‘Kingdom Hearts III’
Publisher: Square Enix
Rated: E 10+
Who it’s for: Fans of the “Kingdom Hearts” series, but newbies should start with the first game
Console: PS4, Xbox One
Thirteen years is a long time to wait for a game. If you were in grade school, you’re now in college; if you’re an old dude like me, you’re just happy it came out while you can still eat solid food.
All kidding aside, the road to “Kingdom Hearts III” felt endless. Littered with portable and mobile games and countless re-releases, at times I wondered if the writers had painted themselves into a corner with no way to escape.
Fortunately, the wait has ended, though to mixed results.
I imagine most of the series’ hardcore fans have already purchased the game and spent countless hours bashing Heartless and Nobodies in magical Disney-themed worlds. And if that last sentence means nothing to you, then you may not want to start with this game.
The “Kingdom Hearts” franchise features one of the most confusing storylines in gaming. Seriously, there are times it makes “Metal Gear Solid” look cohesive.
“Kingdom Hearts III” advances the story established in nine previous games. This includes dozens of characters, some which have more than one name and some that have multiple characters with the same name.
Confused? It only gets worse from there. Let’s just say “Kingdom Hearts III” features a rich story that requires lots of context to appreciate.
Fortunately, if you are new or just need a refresher, Square Enix recently released “Kingdom Hearts: The Story So Far” that covers every previous release (though a few are recapped as movies rather than games). For $40, you will get several hundred hours of great games and finally be fully caught up for part III.
Once you are ready to play “Kingdom Hearts III,” you’ll find an impossibly beautiful game that features solid — if not inspired — gameplay, fantastic voice acting and hours of cut scenes that will make you go back and try to figure out which story thread is being addressed when.
Players start in the world of “Hercules,” and after a gameplay refresher course, you’ll travel to other worlds based on “Toy Story,” “Frozen,” “Pirates of the Caribbean,” “Monsters Inc.,” “Tangled” and more.
Though technically an RPG, battles feature relentless action. So relentless, in fact, keeping track presents some difficulties. While it’s possible to button mash your way through the throngs of enemies, the game presents plenty of deep options to make battles flow more smoothly and make them more enjoyable.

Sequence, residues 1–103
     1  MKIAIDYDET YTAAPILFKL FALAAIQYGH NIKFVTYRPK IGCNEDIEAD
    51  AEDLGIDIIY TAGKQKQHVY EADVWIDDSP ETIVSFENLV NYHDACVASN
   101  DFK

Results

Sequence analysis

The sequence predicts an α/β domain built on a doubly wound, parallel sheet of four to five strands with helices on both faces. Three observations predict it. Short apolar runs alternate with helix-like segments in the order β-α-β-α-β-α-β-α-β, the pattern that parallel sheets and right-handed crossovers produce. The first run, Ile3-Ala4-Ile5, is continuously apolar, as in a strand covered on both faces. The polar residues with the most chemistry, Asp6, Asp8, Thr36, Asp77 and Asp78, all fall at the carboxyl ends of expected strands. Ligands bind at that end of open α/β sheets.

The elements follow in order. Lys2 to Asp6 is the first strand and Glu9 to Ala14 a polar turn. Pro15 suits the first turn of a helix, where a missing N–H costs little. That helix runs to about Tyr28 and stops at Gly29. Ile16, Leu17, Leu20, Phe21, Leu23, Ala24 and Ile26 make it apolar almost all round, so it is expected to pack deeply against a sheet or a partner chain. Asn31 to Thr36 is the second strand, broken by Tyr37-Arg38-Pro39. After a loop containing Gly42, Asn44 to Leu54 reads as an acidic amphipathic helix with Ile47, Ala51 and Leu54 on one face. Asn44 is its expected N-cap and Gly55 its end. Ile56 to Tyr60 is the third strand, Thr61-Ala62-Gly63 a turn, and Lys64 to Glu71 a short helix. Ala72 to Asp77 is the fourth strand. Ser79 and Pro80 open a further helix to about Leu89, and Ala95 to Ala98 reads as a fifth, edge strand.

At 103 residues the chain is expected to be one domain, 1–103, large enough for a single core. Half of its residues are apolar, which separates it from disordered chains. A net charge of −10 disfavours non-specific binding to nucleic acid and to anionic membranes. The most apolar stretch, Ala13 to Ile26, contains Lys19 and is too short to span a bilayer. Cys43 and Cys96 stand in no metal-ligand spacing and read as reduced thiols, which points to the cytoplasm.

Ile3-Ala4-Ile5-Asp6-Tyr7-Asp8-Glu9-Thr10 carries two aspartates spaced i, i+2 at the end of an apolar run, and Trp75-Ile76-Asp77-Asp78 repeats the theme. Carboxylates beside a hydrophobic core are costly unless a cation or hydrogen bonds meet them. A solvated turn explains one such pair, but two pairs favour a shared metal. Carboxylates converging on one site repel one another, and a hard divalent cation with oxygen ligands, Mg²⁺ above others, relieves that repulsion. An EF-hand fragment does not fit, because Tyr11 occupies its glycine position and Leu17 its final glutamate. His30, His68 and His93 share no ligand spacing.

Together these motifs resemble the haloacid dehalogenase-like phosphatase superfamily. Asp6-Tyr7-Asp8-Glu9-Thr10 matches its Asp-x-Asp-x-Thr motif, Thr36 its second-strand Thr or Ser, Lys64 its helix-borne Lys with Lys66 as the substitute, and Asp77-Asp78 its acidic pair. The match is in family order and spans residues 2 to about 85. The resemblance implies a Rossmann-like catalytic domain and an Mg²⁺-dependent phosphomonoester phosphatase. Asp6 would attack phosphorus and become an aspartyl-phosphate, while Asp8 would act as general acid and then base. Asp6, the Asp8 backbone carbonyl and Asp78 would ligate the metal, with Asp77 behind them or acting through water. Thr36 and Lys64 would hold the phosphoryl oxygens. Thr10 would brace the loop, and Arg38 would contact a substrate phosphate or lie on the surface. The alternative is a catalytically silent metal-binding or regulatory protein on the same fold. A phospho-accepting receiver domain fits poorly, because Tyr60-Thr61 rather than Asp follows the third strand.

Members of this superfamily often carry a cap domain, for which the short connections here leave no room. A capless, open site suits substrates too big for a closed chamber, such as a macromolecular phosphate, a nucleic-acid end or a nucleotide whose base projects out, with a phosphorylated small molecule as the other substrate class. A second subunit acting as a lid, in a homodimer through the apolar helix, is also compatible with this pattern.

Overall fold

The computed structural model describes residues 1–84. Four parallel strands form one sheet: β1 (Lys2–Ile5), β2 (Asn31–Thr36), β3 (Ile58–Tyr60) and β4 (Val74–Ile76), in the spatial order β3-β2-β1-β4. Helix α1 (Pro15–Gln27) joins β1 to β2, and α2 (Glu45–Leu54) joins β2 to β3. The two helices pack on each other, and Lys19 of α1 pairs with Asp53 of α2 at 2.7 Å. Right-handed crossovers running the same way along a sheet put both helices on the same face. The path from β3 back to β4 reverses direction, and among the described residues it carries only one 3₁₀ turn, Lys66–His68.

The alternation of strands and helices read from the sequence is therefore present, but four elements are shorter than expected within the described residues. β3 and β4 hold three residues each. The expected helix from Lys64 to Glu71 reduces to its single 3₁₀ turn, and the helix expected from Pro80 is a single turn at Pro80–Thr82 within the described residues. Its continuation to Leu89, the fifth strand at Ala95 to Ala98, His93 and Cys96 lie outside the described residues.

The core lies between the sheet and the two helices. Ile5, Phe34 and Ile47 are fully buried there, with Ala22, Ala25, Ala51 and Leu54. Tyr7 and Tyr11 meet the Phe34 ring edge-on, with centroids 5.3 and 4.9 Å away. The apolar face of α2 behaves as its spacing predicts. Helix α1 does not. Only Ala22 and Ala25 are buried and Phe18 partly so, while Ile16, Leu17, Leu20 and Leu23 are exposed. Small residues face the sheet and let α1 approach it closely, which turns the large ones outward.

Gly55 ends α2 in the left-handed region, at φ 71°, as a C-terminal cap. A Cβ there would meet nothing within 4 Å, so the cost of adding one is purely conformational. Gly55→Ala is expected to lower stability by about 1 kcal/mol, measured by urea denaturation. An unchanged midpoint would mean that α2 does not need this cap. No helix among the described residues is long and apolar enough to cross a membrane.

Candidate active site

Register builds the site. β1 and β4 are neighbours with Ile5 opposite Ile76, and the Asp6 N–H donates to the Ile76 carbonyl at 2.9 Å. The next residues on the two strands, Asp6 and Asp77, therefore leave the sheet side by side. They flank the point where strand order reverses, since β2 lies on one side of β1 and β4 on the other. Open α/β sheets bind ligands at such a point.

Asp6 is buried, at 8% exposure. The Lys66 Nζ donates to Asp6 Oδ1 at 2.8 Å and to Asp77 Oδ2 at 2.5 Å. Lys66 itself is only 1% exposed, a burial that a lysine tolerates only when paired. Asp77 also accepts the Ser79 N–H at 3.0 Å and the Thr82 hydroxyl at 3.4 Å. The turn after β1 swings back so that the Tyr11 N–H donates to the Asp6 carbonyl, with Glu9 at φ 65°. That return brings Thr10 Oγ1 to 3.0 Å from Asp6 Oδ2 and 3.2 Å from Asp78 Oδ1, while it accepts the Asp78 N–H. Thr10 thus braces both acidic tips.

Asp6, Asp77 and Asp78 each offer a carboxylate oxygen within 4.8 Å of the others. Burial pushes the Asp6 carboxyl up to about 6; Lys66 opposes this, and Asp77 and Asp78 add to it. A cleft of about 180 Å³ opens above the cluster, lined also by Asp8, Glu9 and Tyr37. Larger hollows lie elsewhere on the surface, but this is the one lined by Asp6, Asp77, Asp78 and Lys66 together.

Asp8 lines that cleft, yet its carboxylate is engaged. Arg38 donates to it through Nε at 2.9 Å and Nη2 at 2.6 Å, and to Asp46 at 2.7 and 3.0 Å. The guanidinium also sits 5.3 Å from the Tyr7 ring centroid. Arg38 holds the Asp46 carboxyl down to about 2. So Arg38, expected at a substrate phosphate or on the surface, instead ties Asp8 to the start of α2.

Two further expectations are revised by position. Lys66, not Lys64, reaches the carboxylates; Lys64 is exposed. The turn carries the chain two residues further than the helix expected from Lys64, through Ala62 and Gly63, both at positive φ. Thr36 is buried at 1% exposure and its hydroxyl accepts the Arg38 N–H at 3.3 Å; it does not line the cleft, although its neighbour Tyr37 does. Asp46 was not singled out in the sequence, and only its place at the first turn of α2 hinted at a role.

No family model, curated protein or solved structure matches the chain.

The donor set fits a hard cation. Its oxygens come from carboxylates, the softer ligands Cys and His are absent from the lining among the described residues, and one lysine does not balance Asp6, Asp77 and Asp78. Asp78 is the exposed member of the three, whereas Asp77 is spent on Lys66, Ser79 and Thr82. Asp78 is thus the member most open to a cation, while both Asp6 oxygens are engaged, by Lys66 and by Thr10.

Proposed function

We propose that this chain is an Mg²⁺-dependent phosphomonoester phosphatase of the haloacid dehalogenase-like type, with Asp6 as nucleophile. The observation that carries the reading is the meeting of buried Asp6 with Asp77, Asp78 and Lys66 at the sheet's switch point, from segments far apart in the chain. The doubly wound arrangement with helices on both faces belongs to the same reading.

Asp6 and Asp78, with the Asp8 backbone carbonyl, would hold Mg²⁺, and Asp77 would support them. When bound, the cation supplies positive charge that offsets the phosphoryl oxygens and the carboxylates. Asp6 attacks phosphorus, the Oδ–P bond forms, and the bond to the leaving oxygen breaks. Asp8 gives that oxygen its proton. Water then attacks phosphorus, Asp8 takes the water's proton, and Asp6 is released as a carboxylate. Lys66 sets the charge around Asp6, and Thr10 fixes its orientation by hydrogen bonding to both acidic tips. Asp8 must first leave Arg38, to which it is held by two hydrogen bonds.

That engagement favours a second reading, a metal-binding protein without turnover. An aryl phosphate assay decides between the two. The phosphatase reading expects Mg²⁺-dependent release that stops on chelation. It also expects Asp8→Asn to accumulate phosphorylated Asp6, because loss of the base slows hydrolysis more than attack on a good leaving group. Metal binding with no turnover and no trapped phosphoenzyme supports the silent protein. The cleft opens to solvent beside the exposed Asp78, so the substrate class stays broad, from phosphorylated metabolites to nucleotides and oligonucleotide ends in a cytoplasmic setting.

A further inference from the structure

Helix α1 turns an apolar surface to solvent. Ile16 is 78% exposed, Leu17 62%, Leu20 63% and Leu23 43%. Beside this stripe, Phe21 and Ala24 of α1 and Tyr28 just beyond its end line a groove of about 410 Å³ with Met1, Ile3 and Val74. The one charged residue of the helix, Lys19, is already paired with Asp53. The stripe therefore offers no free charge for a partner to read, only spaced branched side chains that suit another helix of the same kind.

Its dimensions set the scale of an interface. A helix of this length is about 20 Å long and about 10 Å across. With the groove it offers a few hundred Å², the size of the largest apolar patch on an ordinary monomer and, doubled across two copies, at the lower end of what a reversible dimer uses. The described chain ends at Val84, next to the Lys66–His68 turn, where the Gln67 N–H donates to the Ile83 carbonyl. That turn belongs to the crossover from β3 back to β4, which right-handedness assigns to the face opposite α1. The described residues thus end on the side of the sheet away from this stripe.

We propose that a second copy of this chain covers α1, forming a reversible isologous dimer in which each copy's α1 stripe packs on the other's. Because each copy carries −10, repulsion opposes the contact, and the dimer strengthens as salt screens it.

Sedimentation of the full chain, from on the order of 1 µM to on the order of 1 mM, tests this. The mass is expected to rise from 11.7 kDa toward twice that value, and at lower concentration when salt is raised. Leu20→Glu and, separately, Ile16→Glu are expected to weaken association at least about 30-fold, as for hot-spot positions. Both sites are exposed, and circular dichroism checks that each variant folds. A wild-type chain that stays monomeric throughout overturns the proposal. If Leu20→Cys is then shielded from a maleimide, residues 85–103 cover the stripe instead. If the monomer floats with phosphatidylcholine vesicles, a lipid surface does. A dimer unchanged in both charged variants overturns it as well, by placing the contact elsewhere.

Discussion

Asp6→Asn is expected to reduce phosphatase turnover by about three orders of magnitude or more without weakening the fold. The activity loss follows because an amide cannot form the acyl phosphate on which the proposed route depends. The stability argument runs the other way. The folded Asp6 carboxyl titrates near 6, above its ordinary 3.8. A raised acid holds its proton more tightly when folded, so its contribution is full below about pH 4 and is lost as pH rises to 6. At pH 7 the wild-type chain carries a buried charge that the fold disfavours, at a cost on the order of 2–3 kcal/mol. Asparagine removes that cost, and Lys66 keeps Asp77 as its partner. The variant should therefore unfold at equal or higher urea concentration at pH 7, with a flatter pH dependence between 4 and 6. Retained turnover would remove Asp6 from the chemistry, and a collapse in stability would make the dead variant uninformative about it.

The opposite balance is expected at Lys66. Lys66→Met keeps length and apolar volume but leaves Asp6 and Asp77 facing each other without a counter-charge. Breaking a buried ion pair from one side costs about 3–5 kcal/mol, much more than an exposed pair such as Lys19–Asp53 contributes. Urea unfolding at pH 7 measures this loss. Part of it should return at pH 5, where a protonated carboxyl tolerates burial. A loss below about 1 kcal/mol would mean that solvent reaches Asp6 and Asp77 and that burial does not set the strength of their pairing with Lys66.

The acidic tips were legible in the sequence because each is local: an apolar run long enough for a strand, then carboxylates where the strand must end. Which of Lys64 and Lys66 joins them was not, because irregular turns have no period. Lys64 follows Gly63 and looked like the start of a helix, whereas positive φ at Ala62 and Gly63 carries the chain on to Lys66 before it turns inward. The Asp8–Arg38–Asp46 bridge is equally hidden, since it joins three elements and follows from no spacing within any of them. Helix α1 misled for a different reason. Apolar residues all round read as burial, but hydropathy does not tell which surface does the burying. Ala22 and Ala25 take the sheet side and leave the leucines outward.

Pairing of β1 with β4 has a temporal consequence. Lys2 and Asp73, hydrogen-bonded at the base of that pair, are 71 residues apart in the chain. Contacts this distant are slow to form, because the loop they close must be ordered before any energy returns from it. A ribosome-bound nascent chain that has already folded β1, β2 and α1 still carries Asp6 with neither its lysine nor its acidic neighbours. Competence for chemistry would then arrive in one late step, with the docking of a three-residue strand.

In addition to the melee combat and magic that provide consistency throughout the game, each world has its own unique features to keep the fighting fresh. Jump into a toy battle robot to fight alongside Woody and Buzz, or sink enemy ships with Captain Jack Sparrow, all while unraveling the answers leading to the final battle.
When you’re not fighting, you’ll explore the expansive worlds looking for treasure chests and “Lucky Emblems” (hidden Mickeys). Though the mini-map is barely serviceable, the worlds are easy to navigate and contain plenty of secrets to uncover.
Disney fans will appreciate how many characters — many of them new additions — appear in the game. Those looking for “Final Fantasy” characters will be disappointed though, as Square seemingly left them behind now that “Kingdom Hearts” has its own established cast of angsty anime characters.
Of course, you still have to get from planet to planet, so the ever-amusing Gummi Ship returns for all your space travel/combat needs.
While never a series’ highlight, the Gummi Ship experience has been greatly improved with some extremely entertaining shoot-’em-up and puzzle minigames, and a variety of cool ships to build. Even if you usually ignore this aspect of the game, you should give it a try.
Ultimately, it’s hard to put a score on “Kingdom Hearts III.” For those who have been invested in the series, the game’s positives overshadow its few shortcomings. However, those who haven’t yet ventured into the “Kingdom” will likely find themselves more confused than anything else.
This series rewards those who put their time into it, but players who aren’t ready for that kind of commitment may want to give this one a pass.